Instead, go see the person or telephone him, for “the graver the email sin, the more the email apology trivializes it.” “Just because we have email we shouldn’t use it for everything,” Shipley and Schwalbe write, introducing a notion that younger readers may find too radical to take seriously. The generation that has grown up with email—that has never done such a thing as mail a letter or walk down the hall to a colleague’s office to ask a question—will derive different benefits from Send. The young make different mistakes on email than the middle- aged and old do. College students who send outrageous email requests to their teachers (addressed “Hiya Professor!”) or college applicants who write long, self-satisfied emails to admissions of-ficers “seem painfully unaware that the person they are writing to (and annoying) is the same person who could be offering them a place in a freshman class or grading them at term’s end.” The poor lambs don’t know better, and Send is good at setting them straight.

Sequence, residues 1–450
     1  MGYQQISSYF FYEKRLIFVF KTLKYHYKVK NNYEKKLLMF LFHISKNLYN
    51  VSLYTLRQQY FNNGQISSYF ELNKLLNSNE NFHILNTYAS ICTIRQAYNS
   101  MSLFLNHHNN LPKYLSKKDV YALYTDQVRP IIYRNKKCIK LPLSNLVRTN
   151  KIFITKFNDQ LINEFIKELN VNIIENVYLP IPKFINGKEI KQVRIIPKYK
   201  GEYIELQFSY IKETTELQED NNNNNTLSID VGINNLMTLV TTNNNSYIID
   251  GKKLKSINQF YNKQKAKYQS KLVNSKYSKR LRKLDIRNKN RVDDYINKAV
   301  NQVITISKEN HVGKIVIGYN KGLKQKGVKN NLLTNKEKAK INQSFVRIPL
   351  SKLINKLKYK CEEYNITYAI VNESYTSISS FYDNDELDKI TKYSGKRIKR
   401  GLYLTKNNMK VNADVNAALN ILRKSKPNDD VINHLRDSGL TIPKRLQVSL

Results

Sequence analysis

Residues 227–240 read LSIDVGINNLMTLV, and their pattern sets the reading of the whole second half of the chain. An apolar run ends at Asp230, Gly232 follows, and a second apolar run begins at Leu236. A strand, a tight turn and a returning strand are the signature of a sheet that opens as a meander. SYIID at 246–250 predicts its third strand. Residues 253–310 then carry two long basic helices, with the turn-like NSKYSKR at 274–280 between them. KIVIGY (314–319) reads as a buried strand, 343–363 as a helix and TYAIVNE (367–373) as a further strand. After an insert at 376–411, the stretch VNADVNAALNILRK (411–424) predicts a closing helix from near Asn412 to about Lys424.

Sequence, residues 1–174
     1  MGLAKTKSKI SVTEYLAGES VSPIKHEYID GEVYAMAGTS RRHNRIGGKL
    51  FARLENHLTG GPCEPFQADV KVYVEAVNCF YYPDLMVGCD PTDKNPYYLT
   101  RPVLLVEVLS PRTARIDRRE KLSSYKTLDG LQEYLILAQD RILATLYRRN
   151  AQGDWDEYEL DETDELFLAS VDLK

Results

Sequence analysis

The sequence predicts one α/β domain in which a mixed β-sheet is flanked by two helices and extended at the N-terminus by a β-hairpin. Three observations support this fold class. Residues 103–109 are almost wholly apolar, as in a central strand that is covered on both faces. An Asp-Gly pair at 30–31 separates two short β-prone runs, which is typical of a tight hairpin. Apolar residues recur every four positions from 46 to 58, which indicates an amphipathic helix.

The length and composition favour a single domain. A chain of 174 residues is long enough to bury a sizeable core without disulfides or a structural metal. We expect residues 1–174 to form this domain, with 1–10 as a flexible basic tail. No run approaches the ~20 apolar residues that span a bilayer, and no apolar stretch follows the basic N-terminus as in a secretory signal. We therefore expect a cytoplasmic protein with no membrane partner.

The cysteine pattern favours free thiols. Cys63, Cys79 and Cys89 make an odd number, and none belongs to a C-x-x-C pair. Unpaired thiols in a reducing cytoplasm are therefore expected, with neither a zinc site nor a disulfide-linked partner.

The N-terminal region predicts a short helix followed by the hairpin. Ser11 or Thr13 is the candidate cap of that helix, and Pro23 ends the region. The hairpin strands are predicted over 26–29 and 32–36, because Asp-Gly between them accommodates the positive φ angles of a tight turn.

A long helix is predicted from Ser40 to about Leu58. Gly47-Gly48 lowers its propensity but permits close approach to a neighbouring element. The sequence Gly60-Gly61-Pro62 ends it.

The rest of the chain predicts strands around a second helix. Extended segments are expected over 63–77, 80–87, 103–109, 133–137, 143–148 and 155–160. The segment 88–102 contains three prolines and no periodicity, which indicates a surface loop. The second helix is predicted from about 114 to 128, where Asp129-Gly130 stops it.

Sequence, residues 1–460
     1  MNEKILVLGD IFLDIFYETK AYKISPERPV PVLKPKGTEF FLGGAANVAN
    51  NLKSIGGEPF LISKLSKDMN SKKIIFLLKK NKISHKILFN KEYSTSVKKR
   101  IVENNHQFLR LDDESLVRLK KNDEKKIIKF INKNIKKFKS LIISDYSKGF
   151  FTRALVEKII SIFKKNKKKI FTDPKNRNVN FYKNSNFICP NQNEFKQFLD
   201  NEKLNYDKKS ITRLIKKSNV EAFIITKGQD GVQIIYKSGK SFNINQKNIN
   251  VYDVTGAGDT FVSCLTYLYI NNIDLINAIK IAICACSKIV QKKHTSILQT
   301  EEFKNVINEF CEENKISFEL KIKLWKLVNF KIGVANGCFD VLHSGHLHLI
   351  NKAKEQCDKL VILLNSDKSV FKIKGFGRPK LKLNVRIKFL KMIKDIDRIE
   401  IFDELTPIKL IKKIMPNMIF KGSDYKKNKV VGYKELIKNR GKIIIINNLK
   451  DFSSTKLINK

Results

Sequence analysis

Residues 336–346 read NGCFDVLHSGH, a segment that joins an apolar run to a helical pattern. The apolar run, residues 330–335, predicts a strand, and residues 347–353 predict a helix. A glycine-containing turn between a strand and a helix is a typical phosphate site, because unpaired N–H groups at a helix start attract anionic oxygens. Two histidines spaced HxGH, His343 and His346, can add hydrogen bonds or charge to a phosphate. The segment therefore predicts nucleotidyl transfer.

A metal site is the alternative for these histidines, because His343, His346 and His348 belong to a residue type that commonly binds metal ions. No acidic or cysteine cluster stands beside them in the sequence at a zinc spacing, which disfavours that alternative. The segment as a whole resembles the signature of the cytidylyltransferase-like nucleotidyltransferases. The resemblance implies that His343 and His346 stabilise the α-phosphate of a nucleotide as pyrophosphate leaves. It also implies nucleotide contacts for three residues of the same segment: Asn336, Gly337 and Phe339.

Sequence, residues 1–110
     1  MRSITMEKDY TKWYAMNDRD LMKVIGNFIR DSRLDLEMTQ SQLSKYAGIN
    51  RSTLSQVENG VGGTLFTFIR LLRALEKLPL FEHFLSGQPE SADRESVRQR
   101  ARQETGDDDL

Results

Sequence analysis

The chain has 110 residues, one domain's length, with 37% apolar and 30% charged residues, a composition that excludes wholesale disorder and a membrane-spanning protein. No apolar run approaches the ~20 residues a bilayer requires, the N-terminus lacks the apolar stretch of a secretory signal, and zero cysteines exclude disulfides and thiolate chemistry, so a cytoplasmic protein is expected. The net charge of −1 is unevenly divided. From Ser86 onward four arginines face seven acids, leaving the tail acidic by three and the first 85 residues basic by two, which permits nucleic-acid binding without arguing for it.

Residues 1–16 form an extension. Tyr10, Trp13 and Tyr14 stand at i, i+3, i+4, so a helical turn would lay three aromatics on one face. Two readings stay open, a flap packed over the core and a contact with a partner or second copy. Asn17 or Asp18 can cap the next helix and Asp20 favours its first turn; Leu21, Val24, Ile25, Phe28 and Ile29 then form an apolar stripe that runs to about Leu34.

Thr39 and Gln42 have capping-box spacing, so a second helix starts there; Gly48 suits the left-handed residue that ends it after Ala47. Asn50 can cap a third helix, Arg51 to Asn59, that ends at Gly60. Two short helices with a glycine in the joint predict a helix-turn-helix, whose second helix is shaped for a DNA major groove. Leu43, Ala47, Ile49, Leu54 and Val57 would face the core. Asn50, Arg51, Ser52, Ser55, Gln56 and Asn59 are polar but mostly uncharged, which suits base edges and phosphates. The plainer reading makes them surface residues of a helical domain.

On the face of it, an email and a letter are the same thing: a piece of writing addressed to one or several persons. But letter-writing was never the fraught activity that email-writing is. Shipley and Schwalbe believe that the trouble derives from a fundamental flaw in email for which the user has to compensate:

If you don’t consciously insert tone into an email, a kind of universal default tone won’t automatically be conveyed. Instead, the message written without regard to tone becomes a blank screen onto which the reader projects his own fears, prejudices and anxieties.